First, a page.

Whithorn Library, opened in 1911, was designed by the Newton Stewart architect, Alexander Young. The front elevation, in an Arts and Crafts style, is rendered in drydash with terra-cotta brick facings, brick detailing in blue and with a cast concrete door lintel of the date and name.
The idea of founding a library for Whithorn appears to have begun in 1896 chiefly through the work of Alex MacFie and J.J. Colquhoun with the backing of Charles Hawthorn, the Provost at the time. A public meeting in October that year unanimously backed the proposal and a committee was elected with McFie as chairman and Colquhoun as secretary. A number of women present offered to collect subscriptions and were so successful that as library was opened two months later in the side-rooms of the New Town Hall, with over 200 books and 100 members.
A further 100 books were added each year and the Ferguson Bequest contributed further volumes. By the end of 1905 space was becoming a problem and the committee approached the family of the late Charles Lockhart of Pittsburgh. He had been a native of Whithorn and made his fortune as one of the founders of the Standard Oil Company which later became Esso. The family agreed to subscribe £300 on condition that a further £200 was raised from another source. A weekend bazaar was held in the New Town Hall on August 1907 and over £300 was raised. However, no suitable premises could be found in Whithorn at the time and the committee decided to temporary re-locate the library to the larger ‘supper-room’ at the rear of the Town Hall.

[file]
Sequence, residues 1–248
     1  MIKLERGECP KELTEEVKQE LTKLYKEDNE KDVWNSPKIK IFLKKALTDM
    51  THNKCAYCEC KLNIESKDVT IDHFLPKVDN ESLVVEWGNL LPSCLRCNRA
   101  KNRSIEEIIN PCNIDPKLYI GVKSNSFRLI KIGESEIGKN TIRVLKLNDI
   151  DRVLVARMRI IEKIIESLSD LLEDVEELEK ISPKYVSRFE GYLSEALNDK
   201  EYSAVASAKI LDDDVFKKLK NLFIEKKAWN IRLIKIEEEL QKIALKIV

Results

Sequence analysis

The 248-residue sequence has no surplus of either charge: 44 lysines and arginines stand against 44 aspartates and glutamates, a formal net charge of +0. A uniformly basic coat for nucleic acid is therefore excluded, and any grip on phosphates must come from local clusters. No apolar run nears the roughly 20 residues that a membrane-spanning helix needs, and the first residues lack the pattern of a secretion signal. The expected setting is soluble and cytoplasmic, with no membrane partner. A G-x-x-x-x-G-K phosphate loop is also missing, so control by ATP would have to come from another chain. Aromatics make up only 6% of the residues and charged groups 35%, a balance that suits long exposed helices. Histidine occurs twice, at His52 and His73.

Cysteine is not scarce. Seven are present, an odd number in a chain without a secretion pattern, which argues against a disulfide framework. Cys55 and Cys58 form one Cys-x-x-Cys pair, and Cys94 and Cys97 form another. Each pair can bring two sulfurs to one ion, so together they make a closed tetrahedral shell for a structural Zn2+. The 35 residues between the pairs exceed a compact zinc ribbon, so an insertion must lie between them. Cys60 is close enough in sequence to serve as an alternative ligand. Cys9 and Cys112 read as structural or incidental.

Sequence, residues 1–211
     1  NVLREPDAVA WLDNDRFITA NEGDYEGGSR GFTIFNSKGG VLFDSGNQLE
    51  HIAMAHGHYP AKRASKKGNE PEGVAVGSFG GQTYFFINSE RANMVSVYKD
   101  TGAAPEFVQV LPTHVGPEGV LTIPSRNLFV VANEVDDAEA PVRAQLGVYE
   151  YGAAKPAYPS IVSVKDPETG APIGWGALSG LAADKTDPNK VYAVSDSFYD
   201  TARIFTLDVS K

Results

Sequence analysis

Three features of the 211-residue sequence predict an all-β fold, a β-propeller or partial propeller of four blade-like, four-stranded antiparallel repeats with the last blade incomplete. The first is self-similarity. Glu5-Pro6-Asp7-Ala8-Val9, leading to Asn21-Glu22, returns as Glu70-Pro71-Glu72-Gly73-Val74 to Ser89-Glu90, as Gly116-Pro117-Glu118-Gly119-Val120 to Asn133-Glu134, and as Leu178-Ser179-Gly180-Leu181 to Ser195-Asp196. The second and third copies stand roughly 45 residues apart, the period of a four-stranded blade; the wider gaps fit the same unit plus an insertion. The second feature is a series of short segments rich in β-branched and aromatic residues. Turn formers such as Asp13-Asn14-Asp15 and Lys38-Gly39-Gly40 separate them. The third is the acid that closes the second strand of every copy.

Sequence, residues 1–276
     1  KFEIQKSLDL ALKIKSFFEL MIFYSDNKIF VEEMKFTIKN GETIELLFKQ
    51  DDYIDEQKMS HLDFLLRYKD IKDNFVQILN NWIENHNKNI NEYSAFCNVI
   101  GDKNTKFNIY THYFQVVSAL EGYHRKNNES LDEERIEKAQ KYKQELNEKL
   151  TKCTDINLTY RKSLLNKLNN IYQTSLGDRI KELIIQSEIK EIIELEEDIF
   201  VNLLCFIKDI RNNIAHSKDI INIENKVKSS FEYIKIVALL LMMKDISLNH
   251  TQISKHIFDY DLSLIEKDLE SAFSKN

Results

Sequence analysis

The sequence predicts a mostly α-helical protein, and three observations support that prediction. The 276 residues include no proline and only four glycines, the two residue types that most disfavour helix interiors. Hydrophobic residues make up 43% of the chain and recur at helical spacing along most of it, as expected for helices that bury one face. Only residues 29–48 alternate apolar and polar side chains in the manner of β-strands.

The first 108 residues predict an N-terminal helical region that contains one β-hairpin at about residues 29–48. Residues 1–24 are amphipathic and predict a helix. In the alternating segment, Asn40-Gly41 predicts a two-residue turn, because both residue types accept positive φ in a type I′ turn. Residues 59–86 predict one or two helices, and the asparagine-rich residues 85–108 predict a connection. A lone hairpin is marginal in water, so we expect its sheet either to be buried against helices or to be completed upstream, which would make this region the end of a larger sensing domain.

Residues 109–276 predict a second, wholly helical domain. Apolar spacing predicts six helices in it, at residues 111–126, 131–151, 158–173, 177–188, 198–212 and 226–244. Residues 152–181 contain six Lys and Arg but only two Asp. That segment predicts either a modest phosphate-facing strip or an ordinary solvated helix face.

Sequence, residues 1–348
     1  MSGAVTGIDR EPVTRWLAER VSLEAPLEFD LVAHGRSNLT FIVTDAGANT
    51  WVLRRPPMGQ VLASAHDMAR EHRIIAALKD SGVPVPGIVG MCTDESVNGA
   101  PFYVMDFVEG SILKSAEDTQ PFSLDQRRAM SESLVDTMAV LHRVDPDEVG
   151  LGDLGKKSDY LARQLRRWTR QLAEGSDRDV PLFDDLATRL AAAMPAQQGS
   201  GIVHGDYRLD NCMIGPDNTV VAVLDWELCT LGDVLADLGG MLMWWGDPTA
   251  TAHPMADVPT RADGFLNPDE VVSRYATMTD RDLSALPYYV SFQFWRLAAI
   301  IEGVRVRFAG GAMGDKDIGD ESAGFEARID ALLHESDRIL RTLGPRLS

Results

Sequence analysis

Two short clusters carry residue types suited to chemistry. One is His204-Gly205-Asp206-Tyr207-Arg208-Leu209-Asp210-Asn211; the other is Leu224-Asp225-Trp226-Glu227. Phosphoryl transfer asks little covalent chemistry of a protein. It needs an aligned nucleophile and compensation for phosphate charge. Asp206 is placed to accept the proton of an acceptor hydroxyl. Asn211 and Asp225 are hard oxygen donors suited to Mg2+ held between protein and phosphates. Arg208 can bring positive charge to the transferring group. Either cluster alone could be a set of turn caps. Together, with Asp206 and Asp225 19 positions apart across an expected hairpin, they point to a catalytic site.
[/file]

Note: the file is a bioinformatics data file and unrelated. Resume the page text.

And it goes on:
Mr Johnston-Stewart, local landowner of Glasserton Estate , offered the site of a old building opposite the Town Hall in St John Street where the present library now stands. It was Mrs Johnston-Stewart who opened the Library on 29th November, 1911. She was presented with a gold key inscribed with the date and her name as a souvenir of the occasion.
When the building opened it had 2,200 books, with space for 800 more, with a reading room and a recreation room to the rear. As it was a popular recreation at the time, 2 billiard tables were installed in this area. One, a full-sized Burroughs and Watt’s table gifted by Rear-Admiral Johnston-Stewart, and the other, a smaller Ashcroft table. At the back of the recreation area was a raised dais for card tables.
The building re-opened in 1995 after extensive refurbishment but the façade, that featured in the film ‘The Wicker Man’, was left virtually intact with the exception of a recently added wheelchair ramp. The Library appeared as Summerisle Library in the movie. The exterior shot also showed the children of Summerisle chanting, ‘We carry death out of the village’!
First Published October 2009
Postscript: In Novermber 2010, Dumfries and Galloway Council decided to close Whithorn Library. A community campaign fought a determined battle to save the resource and won.